Because you’re likely to wear your engagement ring (along with your wedding ring) for the rest of your lives, it’s important to choose one that’s high-quality and imbued with meaning. To make your ring stand out, you can take inspiration from the Irish and get a Claddagh ring, representing love, loyalty, and friendship. Go for a classy diamond band, or play on double symbolism with this emerald heart set ring, which incorporates a Celtic trinity knot to stand for the three promises of a relationship: to love, honor, and protect.


Check In with Your Partner’s Family


To find out your partner’s schedule without making it too obvious, you can talk to a close family member whom you trust to be discreet. Do your best to avoid conflicts with family reunions or any religious or cultural celebrations they might have then! Alternatively, if you think your partner might want a public proposal with her family in the background, you can disclose your plans to them and enlist their help in setting up (as well as taking photos and cheering for you after your partner says yes).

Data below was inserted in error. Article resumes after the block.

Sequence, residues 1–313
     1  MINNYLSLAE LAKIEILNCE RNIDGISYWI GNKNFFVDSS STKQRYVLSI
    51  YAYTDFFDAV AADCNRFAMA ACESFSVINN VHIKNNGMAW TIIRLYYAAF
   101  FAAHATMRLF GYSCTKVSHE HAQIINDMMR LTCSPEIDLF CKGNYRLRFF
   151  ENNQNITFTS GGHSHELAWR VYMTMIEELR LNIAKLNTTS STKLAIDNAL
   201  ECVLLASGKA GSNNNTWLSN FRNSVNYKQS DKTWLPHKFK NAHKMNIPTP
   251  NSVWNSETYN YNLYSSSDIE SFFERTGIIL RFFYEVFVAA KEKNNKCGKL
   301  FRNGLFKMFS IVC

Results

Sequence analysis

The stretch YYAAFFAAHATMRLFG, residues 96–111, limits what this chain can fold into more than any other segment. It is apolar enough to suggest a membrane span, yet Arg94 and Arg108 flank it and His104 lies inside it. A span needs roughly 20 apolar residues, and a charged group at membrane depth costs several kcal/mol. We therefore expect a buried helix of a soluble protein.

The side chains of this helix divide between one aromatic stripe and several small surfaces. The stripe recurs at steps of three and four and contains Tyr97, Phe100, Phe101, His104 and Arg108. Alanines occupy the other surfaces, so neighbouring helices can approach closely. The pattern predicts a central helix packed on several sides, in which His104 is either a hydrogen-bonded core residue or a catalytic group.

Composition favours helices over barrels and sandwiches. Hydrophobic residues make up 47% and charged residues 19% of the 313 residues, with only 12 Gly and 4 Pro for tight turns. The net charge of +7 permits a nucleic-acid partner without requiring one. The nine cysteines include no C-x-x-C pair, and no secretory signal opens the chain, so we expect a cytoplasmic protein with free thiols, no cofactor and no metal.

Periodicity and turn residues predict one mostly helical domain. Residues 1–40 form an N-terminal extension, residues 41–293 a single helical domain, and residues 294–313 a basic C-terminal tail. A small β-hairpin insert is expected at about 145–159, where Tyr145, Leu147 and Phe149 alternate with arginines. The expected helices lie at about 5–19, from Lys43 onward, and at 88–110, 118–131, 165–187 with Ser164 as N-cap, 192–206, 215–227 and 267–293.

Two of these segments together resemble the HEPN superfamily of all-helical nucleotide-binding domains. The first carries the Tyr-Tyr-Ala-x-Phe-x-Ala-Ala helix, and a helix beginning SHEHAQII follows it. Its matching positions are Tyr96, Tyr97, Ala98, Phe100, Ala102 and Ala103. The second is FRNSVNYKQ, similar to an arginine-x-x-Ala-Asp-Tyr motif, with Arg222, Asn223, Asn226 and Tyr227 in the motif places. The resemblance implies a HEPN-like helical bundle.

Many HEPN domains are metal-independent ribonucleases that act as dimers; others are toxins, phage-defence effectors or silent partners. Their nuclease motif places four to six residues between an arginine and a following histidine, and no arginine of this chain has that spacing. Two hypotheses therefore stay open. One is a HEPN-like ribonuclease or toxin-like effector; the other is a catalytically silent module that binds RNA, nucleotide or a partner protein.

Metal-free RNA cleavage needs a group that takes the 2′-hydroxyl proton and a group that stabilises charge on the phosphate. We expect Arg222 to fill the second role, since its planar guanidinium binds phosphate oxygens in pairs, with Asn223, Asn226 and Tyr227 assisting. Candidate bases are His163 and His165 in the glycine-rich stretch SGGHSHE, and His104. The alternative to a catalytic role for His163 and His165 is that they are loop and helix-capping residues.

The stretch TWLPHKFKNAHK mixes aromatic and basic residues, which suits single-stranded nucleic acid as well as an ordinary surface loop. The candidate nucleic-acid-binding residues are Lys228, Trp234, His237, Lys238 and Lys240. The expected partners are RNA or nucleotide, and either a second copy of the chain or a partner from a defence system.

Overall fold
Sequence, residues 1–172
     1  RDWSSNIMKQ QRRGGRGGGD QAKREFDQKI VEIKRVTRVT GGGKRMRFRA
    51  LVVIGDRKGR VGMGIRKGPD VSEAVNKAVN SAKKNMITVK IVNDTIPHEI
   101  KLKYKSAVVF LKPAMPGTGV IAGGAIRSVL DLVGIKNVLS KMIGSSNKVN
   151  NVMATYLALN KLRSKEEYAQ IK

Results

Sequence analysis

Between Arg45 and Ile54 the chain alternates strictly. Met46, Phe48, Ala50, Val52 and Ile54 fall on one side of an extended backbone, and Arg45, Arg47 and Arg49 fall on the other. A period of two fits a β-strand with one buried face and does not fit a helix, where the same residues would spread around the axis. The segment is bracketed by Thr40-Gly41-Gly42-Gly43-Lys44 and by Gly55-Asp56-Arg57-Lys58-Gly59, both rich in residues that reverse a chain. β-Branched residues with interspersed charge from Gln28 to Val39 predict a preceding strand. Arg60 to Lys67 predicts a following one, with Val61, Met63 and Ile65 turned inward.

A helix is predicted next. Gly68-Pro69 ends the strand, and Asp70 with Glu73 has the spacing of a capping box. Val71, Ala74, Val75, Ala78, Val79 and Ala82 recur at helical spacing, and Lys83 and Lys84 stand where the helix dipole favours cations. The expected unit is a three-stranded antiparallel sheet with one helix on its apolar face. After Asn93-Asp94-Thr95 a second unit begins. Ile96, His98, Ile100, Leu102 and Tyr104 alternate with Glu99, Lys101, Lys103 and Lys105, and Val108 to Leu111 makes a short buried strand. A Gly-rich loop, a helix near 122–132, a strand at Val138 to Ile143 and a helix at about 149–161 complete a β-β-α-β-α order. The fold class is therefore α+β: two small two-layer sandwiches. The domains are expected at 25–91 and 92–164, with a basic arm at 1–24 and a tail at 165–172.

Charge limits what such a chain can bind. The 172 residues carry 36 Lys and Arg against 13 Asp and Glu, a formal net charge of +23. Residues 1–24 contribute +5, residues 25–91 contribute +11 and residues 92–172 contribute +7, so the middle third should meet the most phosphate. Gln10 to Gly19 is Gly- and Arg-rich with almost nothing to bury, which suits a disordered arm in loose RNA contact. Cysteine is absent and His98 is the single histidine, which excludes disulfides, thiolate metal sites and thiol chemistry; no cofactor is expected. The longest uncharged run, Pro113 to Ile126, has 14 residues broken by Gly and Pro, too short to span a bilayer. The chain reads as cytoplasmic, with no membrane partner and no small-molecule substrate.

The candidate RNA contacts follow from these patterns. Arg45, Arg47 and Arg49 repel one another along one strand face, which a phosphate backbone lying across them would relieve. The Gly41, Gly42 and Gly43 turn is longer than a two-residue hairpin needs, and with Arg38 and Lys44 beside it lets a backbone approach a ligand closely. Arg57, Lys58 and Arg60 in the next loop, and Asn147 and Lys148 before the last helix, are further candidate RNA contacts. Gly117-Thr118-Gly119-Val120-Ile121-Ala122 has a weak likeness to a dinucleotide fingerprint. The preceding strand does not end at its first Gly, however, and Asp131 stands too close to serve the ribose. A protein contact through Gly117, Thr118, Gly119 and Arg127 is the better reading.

Personalize the Proposal


Since Christmas is peak season for proposals, there’s always the possibility of your own announcement not having much of an impact. Rather than resorting to oft-suggested methods like hanging the ring on a Christmas tree or hiding it inside pudding, put more creativity into it and try to come up with a proposal that genuinely suits you and your partner both. Consider your partner’s favorite Christmas activity and preference for a private or public setting, or your Christmas memories as a couple.


Have a Backup Plan


We’ll say it now: don’t expect everything to go according to plan. That doesn’t mean, though, that you should leave it all up completely to fate. Make a Plan B and a Plan C for every aspect of your proposal, from the time and date to how you’ll be popping the question. While it’s definitely an exciting and nerve-wracking moment that requires extensive preparation, the best approach is to enjoy every step of the process and have fun. Because you’re doing it during the holidays, you might as well soak in the exuberant, light-hearted vibe.




Christmas and New Year are both meaningful times to propose—as one year transitions to the next, your bond with your partner deepens from a committed relationship to marriage. There’s a reason, after all, why these two are consistent favorites for proposals despite the holiday chaos! Regardless of when you’re planning to propose, the key is to be attuned to your partner’s preferences and your own and to plan ahead of time while allowing for the unexpected—all with joy and excitement, since across the horizon is your new life together!